Clara Leask is a woman with a foot in two camps.
A teacher by profession, Clara also was a young mother during the era when every mother stayed home. There were no fast food restaurants and people just didn’t eat ‘out.’ Moms cooked, three meals a day. Moms made lunches and kids went off to school with full tummies. Moms were there after school with snacks. Kids might have had a piano lesson or attended Boy Scouts but daily organized activities just weren’t part of the action. Your single speed bike and freedom to ride were all the organized exercise kids got.
Not only that, Moms took long periods of time selecting healthful food in the grocery store. They chose food that needed preparation, was the least expensive and gave the most nutrition for the dollar. Moms made muffins and cookies and real fruit cocktail. They made pasta with home made sauce ‘put up’ during the height of tomato season. They served pickles preserved in the early fall.
Now, jump ahead to 2007 and you’ll see real difference. We have now one or two generations who grew up on fast food meals, working and/or single moms with no time to spare, recreational schedules that make incredible demands on family time. We have an awful lot of young people who don’t have nutritional knowledge and who are living on very tight incomes with no idea how to shop or prepare healthful food that stretches the food dollar to last.
As a mom who stayed home and nourished her kids on home made meals, Clara has a boot in that camp. And as a teacher back in the classroom after her kids were older, Clara has seen first hand the results of kids without breakfast (or maybe even dinner the night before.)
Clara, Wanda Kelsey, Barb Martin, Ben Starring, Ben Andrews.. a number of people in a church group, got to talking one day about poverty in our rich nation. “It’s a national disgrace that we in Canada have hungry children. And nothing seems to improve.” They thought that yes, the foodbank helps as a bandaid solution, much as a hostel bed helps the housing situation. But for real change, you have to teach people how to not run out of money, how to shop for food that will offer affordable nourishment.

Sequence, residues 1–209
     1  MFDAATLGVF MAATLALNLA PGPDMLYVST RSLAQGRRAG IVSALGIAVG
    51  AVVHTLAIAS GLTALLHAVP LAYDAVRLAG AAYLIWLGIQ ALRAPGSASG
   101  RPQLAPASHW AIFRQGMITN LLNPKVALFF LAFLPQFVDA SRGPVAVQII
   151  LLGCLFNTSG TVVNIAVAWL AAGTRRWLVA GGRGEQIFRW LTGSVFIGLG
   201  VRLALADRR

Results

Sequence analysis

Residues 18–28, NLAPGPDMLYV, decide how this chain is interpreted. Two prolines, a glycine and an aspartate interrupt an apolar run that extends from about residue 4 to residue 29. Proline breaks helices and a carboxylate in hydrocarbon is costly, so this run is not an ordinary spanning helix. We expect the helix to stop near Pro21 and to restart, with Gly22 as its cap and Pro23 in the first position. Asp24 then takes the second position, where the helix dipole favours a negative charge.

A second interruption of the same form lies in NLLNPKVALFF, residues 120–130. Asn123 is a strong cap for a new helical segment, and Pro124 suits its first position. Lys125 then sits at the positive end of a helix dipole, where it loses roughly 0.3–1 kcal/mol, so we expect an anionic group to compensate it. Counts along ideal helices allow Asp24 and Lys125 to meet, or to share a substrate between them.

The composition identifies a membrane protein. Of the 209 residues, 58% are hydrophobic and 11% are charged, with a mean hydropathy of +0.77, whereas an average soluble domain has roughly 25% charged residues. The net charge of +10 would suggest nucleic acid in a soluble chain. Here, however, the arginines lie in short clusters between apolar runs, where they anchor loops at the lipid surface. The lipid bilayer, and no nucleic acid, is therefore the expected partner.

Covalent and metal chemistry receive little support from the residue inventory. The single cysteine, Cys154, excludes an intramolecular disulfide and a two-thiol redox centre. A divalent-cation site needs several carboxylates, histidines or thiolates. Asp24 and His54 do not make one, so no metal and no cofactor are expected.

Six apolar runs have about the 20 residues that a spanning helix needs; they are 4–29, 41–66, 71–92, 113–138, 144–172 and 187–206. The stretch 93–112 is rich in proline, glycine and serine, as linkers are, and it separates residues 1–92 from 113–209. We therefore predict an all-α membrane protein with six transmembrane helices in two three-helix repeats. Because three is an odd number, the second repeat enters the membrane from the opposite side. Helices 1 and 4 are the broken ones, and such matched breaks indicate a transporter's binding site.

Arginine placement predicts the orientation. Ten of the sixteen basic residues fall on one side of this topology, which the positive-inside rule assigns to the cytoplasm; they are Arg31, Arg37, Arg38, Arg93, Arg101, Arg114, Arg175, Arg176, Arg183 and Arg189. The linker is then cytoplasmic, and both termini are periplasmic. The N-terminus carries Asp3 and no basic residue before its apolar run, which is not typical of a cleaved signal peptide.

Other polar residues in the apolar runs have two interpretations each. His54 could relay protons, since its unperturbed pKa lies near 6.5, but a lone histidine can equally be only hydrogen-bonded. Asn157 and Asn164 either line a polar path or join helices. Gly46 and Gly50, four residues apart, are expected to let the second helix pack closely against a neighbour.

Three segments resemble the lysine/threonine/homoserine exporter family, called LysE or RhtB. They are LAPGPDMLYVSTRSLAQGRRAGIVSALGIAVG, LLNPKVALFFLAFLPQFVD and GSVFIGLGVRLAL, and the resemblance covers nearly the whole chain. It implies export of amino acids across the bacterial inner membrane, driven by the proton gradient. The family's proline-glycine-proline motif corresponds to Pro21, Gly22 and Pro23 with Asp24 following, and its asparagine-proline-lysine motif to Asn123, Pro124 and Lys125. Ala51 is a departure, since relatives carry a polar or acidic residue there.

“We wanted to help people learn how to shop, make good choices when they’re shopping, manage their money. And home economics classes don’t teach this because those classes don’t exist any more. Simply put, we wanted to teach people how to choose and prepare good food.”
Clara and a few others felt that if they could perhaps teach their expertise.
They applied for a grant from the United Church, which was matched by their own Central United Church and with volunteer help and coordination they have produced seven DVDs that promise to teach everything from reading store labels for price and quality comparison, compare fresh, frozen & canned food, prepare all kinds of meals, cleanliness, composting, kitchen tools, measurements, making meals from free food, time-saver meals, lower cost-high nutrition meals, types of fat, flour, leavening agents, and the difference between healthy food and empty energy.
The set of DVDs comes with a 350 page book with instruction for every type of meal. Input to the project has involved the Health Unit, Non Profit Housing, Food Bank and Children’s Aid Society.
At $100 for the entire set (including book), the team is hoping agencies, organizations, church groups, food banks etc will purchase the product. They are then welcome to reproduce and share as much as possible.
This ambitious production including menu making,,, (from hundreds of submitted recipes) with Clara herself cooking in a modest kitchen while Ben Andrews took position behind the camera. The group has produced pamphlets on the project so you can read before you buy.
Clara said when they received calls from a Toronto dietician they began to hope that the project finds its way across Canada. They have produced 150 sets to begin with, with quick production turnaround for more.
It’s kind of a replacement for yesterday’s mom. Clara’s favourite recipe is for a muffin mix… a batter recipe that pops into the fridge to be used a bit at a time for tasty raisin muffins. Clara has used her 20 years of classroom experience to teach people how to select and prepare food from a DVD.
It’s been a huge project and Central United Church (728-7589) is acting as pamphlet and package agent for those wanting to purchase a set, or make an inquiry.
At age 75, Clara is spurred on by a call from one of her former students who remembered her teacher’s lessons when she became a single parent with young children. She told Clara that all her food preparation and selection lessons allowed her to feed her children on a very small budget while she re-built her life.
“If lessons can do that for one person, they can spare thousands of children from malnourishment and hunger,” says Clara.